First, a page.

I also looked at the slim models at some point, and was cooling down when I saw the specs. I wonder if Synology didn't have much commercial success with the product (?) ... judging from the amount of communication here about it, it seems it wasn't a big hit.
csimon ... you're "no compromise" ... a 4 x SSD solution would be so fast it would outperform everything else within the device (including the 1000 MB Ethernet port).
Well, the main reason I want to go for SSDs is because of no moving parts, power efficiency and no noise. Speed is a rather nice side effect!
But capacity is rather low at the moment.
But that is why I was hoping for better specs on the 409slim as the bottleneck would appear to be its processor and memory - it's amongst the lower-specced units that Synology do. SSDs are indeed the future, in my opinion, prices will come down, capacities will increase, speeds will increase to way beyond HDD speeds, but Synology only have one NAS that takes advantage of the small size of SSDs (the other units cater for 3.5" HDDs as well) yet it's the least powerful model in the catalogue.
If I've got conversion between speed units correct, here is a comparison of max read/write speeds of various Synology NAS's that I was considering, in mbps in order to compare with the bandwidth of a gigabit network, which will be 1000mbps:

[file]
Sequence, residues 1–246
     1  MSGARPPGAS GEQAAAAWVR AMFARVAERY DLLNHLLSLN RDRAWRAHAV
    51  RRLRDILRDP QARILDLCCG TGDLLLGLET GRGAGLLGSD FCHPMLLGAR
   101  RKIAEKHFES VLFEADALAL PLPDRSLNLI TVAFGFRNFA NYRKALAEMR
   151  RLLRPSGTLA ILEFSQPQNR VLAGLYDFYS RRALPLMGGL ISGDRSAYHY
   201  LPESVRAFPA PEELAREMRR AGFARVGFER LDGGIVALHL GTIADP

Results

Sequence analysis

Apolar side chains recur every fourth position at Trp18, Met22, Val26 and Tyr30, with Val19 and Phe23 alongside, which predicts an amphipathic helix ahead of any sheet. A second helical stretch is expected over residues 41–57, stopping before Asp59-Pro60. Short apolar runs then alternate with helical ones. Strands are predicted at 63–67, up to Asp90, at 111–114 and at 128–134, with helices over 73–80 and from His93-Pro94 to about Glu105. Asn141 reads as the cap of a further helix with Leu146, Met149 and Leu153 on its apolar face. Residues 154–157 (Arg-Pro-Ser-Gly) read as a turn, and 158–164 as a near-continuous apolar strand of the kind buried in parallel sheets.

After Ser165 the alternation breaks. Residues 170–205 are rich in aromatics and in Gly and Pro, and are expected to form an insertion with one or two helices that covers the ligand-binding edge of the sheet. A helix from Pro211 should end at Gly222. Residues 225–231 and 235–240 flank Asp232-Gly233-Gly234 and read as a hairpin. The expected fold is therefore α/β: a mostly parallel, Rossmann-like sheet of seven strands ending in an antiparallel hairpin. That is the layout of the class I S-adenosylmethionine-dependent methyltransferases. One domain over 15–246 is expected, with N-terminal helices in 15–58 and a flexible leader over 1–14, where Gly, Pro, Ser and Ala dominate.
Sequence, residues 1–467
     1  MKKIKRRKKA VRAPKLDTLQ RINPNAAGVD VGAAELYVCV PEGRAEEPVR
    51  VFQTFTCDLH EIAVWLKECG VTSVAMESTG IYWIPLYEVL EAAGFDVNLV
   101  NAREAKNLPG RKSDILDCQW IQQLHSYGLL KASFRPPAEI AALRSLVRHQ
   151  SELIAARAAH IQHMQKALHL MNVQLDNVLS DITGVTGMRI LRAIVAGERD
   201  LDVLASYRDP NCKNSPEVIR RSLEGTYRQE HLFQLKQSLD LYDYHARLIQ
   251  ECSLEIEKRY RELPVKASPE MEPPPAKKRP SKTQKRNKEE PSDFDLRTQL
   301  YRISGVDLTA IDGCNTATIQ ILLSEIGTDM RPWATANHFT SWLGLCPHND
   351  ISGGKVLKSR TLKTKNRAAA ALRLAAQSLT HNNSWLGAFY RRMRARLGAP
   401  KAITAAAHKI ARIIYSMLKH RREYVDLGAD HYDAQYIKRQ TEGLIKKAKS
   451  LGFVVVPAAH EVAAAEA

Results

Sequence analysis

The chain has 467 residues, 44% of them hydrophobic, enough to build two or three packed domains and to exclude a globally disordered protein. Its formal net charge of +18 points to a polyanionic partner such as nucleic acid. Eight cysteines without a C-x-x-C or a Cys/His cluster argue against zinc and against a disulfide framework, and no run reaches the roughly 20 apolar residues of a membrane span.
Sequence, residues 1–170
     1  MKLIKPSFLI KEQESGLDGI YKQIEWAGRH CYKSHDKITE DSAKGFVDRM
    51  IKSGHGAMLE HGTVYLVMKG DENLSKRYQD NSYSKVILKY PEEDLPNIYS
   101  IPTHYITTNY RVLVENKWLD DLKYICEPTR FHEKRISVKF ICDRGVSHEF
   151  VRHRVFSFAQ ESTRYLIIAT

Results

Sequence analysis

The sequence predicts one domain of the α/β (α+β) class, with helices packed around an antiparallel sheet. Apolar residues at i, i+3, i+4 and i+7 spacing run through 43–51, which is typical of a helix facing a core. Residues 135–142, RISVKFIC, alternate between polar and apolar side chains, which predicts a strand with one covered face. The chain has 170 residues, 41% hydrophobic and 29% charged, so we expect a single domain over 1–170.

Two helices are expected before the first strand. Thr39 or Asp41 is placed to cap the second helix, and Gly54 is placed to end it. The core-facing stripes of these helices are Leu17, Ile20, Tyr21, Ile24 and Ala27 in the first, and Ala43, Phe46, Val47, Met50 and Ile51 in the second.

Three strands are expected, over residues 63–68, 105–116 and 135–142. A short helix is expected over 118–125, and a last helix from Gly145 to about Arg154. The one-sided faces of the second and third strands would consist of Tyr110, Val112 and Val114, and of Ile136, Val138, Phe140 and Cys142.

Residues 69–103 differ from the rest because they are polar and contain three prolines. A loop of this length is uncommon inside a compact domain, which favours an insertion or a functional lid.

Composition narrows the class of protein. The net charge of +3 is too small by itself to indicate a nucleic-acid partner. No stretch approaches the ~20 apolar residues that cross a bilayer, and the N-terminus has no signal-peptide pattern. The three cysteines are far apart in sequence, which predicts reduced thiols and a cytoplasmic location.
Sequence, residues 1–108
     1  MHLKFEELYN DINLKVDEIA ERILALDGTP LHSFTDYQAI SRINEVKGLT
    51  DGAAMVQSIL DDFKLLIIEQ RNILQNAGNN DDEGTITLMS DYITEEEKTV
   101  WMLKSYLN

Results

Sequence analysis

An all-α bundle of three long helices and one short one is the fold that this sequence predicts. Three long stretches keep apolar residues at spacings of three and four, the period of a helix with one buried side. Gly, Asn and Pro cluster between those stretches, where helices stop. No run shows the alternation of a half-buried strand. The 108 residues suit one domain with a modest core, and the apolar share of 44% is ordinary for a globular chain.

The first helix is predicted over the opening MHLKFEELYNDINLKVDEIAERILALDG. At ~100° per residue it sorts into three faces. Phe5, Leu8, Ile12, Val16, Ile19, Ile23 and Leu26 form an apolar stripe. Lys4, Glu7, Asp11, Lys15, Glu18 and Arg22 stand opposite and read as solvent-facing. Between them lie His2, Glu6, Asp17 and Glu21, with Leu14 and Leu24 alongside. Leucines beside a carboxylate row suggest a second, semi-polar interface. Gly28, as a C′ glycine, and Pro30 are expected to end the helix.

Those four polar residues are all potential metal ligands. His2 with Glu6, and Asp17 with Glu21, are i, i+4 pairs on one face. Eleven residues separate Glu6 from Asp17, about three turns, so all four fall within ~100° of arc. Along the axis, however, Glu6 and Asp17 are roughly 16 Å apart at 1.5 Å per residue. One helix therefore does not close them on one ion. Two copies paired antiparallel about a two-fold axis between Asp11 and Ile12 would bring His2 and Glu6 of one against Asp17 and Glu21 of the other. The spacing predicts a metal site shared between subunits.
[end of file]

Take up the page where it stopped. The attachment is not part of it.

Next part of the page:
DS409slim 288 368
DS209 368 584
DS410 432 920
And that's before you look at the 2011 equivalents!
In terms of home use, the DS409slim as it stands is probably more than good enough with those stats, yet you do get the feeling that these are only max speeds under ideal conditions. If you do have a gigabit network then you like to know that its bandwidth is being used to maximum effect. Also, I wouldn't want the NAS to become processor-bound, while it's indexing media files for example, so a bit more RAM and a bit more processor speed would help nicely, in line with the improvements that the other models have got for 2011. Without, as I said, having to increase the fan speed or noise or power consumption too much, if that's possible!
The slim model is indeed perhaps a bit of a niche product, it's specifically cut-down in size for SSDs (well, originally, 2.5" drives generally, but I do believe SSDs are going to be the norm in the future) so it has a limited market, maybe it was too early to launch such a thing and perhaps that's why the unit hasn't had much of a response. But now is the time!